antiX Cloud is available in antiX Menu > Applications > Network > antiX Cloud
                              More details (including snapshots) over at

                              (The advanced Tip part of this subject is no longer needed)

                              If possible, I ask a moderator to replace the text on the Original Post with this, and then this post can stay on or be removed


                              • This reply was modified 6 months, 3 weeks ago by PPC.

                                *Why nothing happens when I close my laptop’s lid?
                                You probably have to configure antiX so it reacts to closing the lid. @abc-nix did a concise tutorial on how to do that over at

                                The process requires using the terminal and editing config files. In simple and easy to follow steps:
                                – antiX Menu > Terminal > run this command (you can copy commands from here and paste them in the terminal):
                                apt policy elogind

                                If the result say something like “Installed: (none)” then it is not installed (that is to be expected, since, by default antiX does not come with elogind, as previously stated and explained by anticapitalista.

                                -> A- If elongind is not installed:
                                Still on the terminal window, run this command:
                                sudo service --status-all | grep acpi

                                To configure the way antiX reacts to closing the lid, run this command on the terminal window, to open acpi-support’s configuration file for edition:

                                sudo geany /etc/default/acpi-support

                                If you want your laptop to suspend when you close the lid:
                                Make sure it has a line with this setting (if the line is commented out, starting with “#”, you have to uncomment it):

                                If you want your laptop to shutdown when you close the lid:
                                Make sure it has a line with this setting (if the line is commented out, starting with “#”, you have to uncomment it):

                                Save any change you did to the configuration file and restart antiX. The lid should work just as configured, as long as acpi-support service is enabled (see above how to enable services)

                                -> B – If Elongind is installed and it’s service is running:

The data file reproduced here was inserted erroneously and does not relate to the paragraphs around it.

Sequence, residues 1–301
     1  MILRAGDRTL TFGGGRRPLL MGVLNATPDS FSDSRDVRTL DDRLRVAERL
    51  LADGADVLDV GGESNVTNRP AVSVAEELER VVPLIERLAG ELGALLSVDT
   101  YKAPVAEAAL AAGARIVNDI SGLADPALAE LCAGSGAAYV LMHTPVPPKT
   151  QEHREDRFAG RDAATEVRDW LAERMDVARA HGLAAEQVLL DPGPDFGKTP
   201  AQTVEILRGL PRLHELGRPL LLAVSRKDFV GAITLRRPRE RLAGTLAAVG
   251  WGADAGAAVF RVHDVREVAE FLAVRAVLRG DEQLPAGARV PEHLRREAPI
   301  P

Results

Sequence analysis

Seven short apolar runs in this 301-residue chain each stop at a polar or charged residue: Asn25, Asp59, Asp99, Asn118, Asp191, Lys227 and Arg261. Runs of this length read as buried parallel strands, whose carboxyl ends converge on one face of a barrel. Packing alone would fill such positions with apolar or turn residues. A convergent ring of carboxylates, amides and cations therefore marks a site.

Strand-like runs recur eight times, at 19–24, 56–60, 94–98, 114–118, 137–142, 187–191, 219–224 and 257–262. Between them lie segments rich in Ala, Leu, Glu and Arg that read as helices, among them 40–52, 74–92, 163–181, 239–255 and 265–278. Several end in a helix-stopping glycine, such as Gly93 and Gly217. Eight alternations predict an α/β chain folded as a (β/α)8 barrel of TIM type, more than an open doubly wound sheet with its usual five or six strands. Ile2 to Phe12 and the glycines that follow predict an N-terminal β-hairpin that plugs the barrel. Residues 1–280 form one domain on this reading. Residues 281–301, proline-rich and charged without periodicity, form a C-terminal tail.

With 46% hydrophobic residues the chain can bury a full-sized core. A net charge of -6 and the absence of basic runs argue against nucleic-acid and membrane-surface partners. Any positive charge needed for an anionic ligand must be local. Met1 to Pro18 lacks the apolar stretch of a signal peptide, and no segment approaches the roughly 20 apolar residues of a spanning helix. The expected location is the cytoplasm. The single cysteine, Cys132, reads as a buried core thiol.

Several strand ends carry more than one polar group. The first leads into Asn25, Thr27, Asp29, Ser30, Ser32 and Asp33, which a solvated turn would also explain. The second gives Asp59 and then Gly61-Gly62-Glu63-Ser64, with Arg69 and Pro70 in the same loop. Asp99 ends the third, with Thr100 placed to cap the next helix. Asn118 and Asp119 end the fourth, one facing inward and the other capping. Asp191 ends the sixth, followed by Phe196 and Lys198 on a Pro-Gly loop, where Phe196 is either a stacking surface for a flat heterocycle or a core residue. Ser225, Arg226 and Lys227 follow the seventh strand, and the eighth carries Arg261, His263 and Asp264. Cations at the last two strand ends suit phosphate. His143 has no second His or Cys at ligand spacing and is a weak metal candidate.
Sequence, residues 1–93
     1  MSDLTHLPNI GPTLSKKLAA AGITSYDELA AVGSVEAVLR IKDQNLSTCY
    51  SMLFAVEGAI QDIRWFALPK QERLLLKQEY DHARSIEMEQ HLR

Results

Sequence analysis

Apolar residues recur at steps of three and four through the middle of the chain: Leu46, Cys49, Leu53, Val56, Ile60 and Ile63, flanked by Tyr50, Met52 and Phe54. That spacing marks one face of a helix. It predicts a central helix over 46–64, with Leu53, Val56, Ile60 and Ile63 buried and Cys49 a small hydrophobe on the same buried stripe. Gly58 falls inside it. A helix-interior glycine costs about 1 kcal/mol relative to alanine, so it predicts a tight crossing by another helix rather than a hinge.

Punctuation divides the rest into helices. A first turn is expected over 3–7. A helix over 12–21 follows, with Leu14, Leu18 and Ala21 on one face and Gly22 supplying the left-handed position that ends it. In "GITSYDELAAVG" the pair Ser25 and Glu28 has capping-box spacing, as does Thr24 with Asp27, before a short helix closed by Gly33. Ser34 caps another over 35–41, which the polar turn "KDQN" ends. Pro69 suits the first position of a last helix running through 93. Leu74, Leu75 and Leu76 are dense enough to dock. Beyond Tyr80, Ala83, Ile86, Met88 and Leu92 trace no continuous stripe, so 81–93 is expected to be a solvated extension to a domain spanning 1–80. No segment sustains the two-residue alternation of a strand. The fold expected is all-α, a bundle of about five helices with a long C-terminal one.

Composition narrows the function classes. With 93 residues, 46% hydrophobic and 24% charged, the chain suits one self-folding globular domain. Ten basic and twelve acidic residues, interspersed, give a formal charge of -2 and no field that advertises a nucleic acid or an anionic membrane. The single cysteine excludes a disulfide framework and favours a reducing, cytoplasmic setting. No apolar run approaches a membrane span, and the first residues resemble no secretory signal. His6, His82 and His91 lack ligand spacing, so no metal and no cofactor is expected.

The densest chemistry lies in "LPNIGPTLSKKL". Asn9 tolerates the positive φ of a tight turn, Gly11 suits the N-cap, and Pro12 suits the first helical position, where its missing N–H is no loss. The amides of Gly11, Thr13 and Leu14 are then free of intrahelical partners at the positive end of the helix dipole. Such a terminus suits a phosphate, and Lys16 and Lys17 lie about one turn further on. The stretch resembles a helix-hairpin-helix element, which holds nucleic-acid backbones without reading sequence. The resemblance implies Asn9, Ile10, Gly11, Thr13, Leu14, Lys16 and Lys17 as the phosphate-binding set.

You have to edit it’s configuration files: /etc/elogind/logind.conf (and /etc/elogind/sleep.conf if present).

                                To edit logind.conf run the command
                                sudo geany /etc/elogind/logind.conf

                                If you want your laptop to suspend, when you close the lid, make sure logind.conf has an uncommented line stating:


                                If you want your laptop to shutdown, when you close the lid, make sure logind.conf has an uncommented line stating:


                                • This reply was modified 6 months, 3 weeks ago by PPC.
                                • This reply was modified 6 months, 3 weeks ago by PPC.
                                • This reply was modified 6 months, 3 weeks ago by PPC.

                                  This is not really a FAQ, but it’s a piece of information I don’t want to get lost on the sea of threads:

                                  * I dual boot and now Windows( or any other Os) is missing from the GRUB menu, how can I fix that?

                                  anticapitalista provided the solution, that I adapted into a more detailed step by step:

                                  antiX menu > Terminal > run this command (entering your user’s password, if asked to):

                                  sudo geany /etc/default/grub

                                  This will open grub’s config file for edition. Make sure that the config file includes this line :
                                  (i.e., if a line saying GRUB_DISABLE_OS_PROBER already exists, but with the “true” value, change it to “false”… if no line with this variable exists, add it. You can copy and paste it, it’s faster and avoid typos)

                                  Save the changes to that config file, then, on the terminal run the command:

                                  sudo update-grub

                                  Your other boot options should be available once again.

                                  Edit: “Missing” grub menu entries is caused by a change in Debian, not in antiX!


                                  • This reply was modified 6 months, 1 week ago by PPC.
                                  • This reply was modified 6 months, 1 week ago by PPC.
                                  • This reply was modified 6 months, 1 week ago by PPC.